Austrian neo-Nazi group members get up to six years' prison

Members of the so-called Objekt 21 convicted late on Monday of 're-engagement with National Socialism'

November 5, 2013 13:20
1 minute read.
Jewish man in front of swastika at Shoah memorial

Jewish man in front of swastika 370. (photo credit: REUTERS)


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Seven Austrian neo-Nazis were sentenced to up to six years in prison in a case the judge said should serve as an example to others in the country, which has a Nazi past.

The members of the so-called Objekt 21, which witnesses linked to an illegal prostitution network, were convicted late on Monday of "re-engagement with National Socialism" - a crime in Austria since 1947.

Part of Adolf Hitler's Third Reich in 1938-45, Austria became democratic after World War Two and passed an anti-Nazi Prohibition Act. It was broadened in 1992 to include Holocaust denial and the belittlement of any Nazi atrocities.

Evidence aired at the trial in Upper Austria province included a video in which the neo-Nazi group members were shown giving "Sieg Heil" salutes in their meeting house, which they called the "arms factory", the Austria Press Agency reported.

Police said Object 21 had maintained a reign of terror in the region for years with arson attacks, weapons and drugs dealing and illegal prostitution among other crimes, and had been under surveillance since 2009.

APA quoted the presiding judge as saying the sentences were meant to have a "preventative" impact on anyone tempted by neo-Nazism. A court spokeswoman said investigations continued into suspected crimes by other gang members.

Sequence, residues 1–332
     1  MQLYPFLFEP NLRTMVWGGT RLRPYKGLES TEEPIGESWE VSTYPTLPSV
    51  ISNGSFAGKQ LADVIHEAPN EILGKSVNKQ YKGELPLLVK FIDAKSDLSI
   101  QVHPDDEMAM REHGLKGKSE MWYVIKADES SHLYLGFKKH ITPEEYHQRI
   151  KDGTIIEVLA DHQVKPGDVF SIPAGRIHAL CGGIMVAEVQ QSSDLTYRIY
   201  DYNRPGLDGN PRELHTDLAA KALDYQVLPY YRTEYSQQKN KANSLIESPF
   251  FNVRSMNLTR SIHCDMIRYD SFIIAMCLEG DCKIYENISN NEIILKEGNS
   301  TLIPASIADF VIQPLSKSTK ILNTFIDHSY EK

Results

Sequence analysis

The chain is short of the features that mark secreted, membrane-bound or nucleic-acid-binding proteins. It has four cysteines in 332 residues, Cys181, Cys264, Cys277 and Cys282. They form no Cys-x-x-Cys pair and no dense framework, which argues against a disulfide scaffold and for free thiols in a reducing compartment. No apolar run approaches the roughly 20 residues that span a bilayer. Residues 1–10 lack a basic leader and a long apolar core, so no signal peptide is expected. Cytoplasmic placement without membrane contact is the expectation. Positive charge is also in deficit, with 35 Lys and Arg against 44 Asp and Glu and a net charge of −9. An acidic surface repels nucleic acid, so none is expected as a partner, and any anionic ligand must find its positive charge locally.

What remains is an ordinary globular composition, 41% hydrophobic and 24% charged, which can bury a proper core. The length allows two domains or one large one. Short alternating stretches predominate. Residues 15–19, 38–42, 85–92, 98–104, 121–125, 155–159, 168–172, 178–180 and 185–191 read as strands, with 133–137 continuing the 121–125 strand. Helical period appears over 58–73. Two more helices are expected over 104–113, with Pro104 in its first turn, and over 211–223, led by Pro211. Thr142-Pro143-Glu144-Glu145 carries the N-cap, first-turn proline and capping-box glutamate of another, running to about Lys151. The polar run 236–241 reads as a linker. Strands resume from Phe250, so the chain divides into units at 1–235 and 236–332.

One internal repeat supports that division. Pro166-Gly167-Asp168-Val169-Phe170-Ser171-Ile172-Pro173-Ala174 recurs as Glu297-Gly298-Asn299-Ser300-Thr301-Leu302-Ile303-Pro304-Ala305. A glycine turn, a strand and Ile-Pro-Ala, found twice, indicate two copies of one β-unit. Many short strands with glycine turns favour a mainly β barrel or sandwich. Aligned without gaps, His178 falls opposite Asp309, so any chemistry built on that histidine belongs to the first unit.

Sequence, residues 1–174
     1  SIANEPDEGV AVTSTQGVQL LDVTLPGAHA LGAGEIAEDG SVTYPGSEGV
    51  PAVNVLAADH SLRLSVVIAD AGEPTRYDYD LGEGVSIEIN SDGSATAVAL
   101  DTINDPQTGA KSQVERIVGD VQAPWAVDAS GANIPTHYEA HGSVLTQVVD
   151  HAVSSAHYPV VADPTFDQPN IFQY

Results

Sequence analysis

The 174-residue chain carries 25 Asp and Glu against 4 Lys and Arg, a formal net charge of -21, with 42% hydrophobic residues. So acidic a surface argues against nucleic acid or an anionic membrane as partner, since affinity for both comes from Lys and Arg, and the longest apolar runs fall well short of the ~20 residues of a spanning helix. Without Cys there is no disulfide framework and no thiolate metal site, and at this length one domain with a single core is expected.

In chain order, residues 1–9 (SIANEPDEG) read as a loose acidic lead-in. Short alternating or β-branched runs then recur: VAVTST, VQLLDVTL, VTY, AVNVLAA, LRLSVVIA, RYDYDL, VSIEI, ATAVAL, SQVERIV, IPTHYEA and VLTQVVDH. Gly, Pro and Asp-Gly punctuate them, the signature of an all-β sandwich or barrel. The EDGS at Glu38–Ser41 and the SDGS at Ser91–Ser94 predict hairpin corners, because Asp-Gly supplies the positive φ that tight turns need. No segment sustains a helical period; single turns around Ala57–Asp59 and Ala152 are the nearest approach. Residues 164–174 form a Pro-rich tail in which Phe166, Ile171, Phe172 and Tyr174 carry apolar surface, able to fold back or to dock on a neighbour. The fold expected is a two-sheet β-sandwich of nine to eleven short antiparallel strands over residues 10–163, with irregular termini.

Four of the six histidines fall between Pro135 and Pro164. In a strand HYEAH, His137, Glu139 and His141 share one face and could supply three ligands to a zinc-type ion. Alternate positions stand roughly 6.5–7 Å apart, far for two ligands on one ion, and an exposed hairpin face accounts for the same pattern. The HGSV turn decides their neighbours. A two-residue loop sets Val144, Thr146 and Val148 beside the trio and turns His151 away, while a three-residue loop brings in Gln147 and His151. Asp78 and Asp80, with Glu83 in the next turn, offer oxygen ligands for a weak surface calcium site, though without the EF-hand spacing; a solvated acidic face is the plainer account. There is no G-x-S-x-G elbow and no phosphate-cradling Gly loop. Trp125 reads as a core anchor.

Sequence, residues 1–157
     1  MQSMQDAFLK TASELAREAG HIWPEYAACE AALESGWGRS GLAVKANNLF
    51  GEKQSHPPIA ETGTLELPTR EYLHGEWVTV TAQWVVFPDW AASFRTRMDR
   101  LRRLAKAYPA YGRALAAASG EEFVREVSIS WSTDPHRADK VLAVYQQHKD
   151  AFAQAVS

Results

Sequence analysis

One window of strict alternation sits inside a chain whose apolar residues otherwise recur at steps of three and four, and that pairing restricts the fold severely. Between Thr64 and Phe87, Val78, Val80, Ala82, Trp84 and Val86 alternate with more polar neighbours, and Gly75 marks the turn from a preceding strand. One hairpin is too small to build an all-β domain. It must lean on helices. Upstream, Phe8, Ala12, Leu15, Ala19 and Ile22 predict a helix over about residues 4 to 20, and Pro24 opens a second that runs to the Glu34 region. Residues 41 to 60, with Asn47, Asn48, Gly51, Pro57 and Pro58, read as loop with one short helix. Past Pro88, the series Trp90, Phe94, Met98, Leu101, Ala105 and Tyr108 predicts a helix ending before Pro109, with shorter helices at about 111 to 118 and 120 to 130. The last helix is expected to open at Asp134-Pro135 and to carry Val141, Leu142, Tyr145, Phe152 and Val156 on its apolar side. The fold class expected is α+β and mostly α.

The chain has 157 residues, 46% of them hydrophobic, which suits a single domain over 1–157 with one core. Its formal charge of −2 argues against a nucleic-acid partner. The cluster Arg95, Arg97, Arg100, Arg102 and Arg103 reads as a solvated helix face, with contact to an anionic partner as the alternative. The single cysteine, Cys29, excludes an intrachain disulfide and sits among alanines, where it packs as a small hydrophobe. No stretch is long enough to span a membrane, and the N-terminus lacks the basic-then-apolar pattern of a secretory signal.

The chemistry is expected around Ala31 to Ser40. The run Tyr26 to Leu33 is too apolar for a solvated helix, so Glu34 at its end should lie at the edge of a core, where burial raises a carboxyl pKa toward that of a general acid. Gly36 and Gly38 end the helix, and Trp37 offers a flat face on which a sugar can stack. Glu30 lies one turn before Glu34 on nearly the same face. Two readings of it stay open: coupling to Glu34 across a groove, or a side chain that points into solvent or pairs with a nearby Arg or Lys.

The two main perpetrators were sentenced to four and six years in jail, and said they would appeal. The others were given sentences of between 18 months and two and a half years, APA reported. All seven had pleaded not guilty.

In its 2012 annual report, Austria's BVT counter-terrorism agency played down the neo-Nazi threat, saying a legal crackdown had deprived the revisionist movement of its leaders.

With their suspected ringleaders on trial, right-wing radicals kept a low profile but in many regions they were stepping up ties with criminal gangs, the BVT said.

Austria's far-right Freedom Party, which got more than a fifth of the vote in the September general election, rejects neo-Nazi ideology but attracts some sympathizers with its anti-foreigner and anti-Islam rhetoric.

British writer David Irving, a Holocaust denier, spent 2005-06 in an Austrian prison for trivialising the Holocaust and was banned from ever returning to Austria.

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